The Summer Garden

July is a big month for your garden – All that hard work that you put in earlier in the year will finally start to show. Now it’s time to enjoy it! If you have a vegetable garden you’ll probably find that by the end of the month you’ll have some gorgeous home-grown goodies to eat. By July, beans, lettuce, rocket, courgette, spring onions, strawberries and many early crops are ready for harvesting. At last it’s time to start eating and tasting. But, it’s not all that easy. Although you must put time aside to make the most of your garden this month, there is still plenty to be doing.

A good tip when growing potatoes, depending on the summer weather, is to water well during dry spells especially if you are growing potatoes in containers. Water is key to a good crop and potatoes in tubs easily dry out. In addition, it helps to get a good crop by ‘earthing up’ the potatoes. This allows more potatoes to form as the season goes on. To do this, as the potato grows and more stem appears above ground, you need to add more soil to the container, or mound up the soil in the plot, so that more of the stalk is covered. Depending on the weather, salad potatoes and earlies will be ready to harvest in July. How to tell when potatoes are ready to harvest? First, have they flowered? Potatoes are not ready to harvest until after flowering and then check if they are ready by gently scraping away the earth and see what you find; if the potatoes are too small or too few, cover up and try again in a couple of weeks. Plant second cropping potatoes now to give you new potatoes for Christmas. Plant your Christmas potatoes in pots or bags which can be brought under cover before the first frosts.

Parsley can be tricky to germinate and July is a good month to try. Sow in a line in the veg plot, (lines will help you to tell what is germinating seed growing in a line, and what is germinating weeds, which don’t grow in straight lines) and give parsley some time as it can be slow to germinate. Parsley will survive low temperatures later in the season and is an ideal herb for potting up and bringing indoors later in the year. Supermarket herbs are expensive and growing your own herbs is easy and cheap.

Keep picking peas and beans whilst they are young and if you have a glut, freeze. All the bean family freeze easily. Blanch them in boiling water for 2 minutes, plunge into an iced bowl to cool, pat dry and freeze. Keep picking all the peas and beans to encourage the plant to keep flowering and setting seed. Sow a last batch of peas and dwarf beans before mid- July for an autumn crop.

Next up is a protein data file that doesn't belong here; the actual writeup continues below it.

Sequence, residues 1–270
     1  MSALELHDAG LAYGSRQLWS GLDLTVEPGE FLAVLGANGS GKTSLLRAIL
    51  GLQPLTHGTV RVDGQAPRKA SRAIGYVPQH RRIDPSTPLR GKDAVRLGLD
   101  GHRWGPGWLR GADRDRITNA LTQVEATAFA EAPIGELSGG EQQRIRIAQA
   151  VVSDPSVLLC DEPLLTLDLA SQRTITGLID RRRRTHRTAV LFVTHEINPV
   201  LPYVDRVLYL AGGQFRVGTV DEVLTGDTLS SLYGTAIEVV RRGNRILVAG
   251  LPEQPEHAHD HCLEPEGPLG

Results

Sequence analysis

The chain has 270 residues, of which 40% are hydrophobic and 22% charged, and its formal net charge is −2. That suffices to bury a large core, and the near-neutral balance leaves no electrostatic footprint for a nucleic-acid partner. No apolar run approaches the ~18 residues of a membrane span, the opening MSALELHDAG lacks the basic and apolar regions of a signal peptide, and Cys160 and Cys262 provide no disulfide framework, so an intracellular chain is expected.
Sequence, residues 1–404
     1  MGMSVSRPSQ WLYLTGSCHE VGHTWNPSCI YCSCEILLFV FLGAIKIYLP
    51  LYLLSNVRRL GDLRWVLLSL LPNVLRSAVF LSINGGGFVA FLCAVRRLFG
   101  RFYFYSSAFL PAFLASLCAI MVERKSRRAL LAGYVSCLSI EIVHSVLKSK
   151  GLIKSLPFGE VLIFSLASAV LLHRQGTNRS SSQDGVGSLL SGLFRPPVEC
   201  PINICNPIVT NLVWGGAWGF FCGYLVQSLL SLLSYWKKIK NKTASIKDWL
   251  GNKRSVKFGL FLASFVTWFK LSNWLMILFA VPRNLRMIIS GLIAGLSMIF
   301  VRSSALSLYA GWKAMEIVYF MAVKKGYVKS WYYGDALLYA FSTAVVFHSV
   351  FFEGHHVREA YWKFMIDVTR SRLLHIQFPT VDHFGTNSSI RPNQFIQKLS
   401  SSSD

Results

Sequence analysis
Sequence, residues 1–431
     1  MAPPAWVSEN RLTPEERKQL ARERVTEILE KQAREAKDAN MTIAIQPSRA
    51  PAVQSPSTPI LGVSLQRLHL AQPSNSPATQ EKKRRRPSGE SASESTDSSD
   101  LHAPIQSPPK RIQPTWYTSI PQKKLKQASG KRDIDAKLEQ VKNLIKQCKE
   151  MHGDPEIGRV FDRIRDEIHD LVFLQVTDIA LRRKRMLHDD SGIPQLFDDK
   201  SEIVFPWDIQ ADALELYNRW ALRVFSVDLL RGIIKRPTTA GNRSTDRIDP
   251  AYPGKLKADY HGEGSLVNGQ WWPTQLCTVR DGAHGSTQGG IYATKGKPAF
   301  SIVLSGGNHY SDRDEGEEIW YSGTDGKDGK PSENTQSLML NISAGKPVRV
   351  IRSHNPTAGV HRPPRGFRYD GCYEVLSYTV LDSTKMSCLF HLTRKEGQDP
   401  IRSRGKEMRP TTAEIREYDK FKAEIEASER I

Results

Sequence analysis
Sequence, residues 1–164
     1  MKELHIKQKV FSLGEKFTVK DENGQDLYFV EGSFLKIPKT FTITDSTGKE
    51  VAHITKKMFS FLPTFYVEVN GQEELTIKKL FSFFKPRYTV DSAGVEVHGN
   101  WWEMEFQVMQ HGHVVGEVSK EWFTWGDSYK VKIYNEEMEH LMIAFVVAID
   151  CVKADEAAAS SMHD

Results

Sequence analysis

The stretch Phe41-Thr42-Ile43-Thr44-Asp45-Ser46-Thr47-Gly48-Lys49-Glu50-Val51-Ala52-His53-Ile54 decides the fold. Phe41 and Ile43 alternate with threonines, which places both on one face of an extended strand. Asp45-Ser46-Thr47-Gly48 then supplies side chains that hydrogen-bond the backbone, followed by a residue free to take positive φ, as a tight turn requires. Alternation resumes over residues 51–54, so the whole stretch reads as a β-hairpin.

Broad beans are very prone to blackfly and it’s a good idea to keep pinching out the tips to stop the blackfly settling on the new growth which is the bit they really like. This also stops off the plant growth so the plants energies go to flower and bean production, not more growth. If the whole stem of beans has been picked clean of beans, cut it down near the base and you can often encourage more growth and a second crop. Leaving the roots of broad beans in the soil when they have finished is beneficial as the roots will decompose in the soil, releasing nitrogen.

This month is a good time to raise new strawberries from the runners of your existing plants. Just place a pot of compost near the plant, peg the runner into the pot, water well and leave for a few weeks until well rooted. Cut off excess runners to conserve the plants energies. This is helpful as strawberry plants are short lived, 3 years or so and they will need replacing. Raising runners is a way to have new plants for free.

Getting the most from your tomatoes:

Whether you are growing tomatoes under glass or outdoors the plants will continue to need a lot of attention. The essential step with tomatoes, to get the flavour and texture right, is to feed and water regularly. By now the plants will be growing vigorously and it’s important to divert the plant’s energy into fruits not foliage. Tomatoes need to be kept in check, nip out all side shoots, and thin down, which means cut off leaves to add light for when the flowers turn to fruit and to restrict growth. Once the plant has set 3 or 4 flower trusses, stop off the growing point and keep pinching it out until the plant stops growing. Feed regularly once the first truss has set with a specialist tomato fertiliser.

Still time to sow!

For successive crops you need to sow and plant successively, and in July there is still time to sow directly into the plot the last sowings of beans and peas. Salad crops, especially the fast growing ones, (such as rocket and ‘cut n come again’ lettuce) continue to sow through July, August and September, depending on the weather.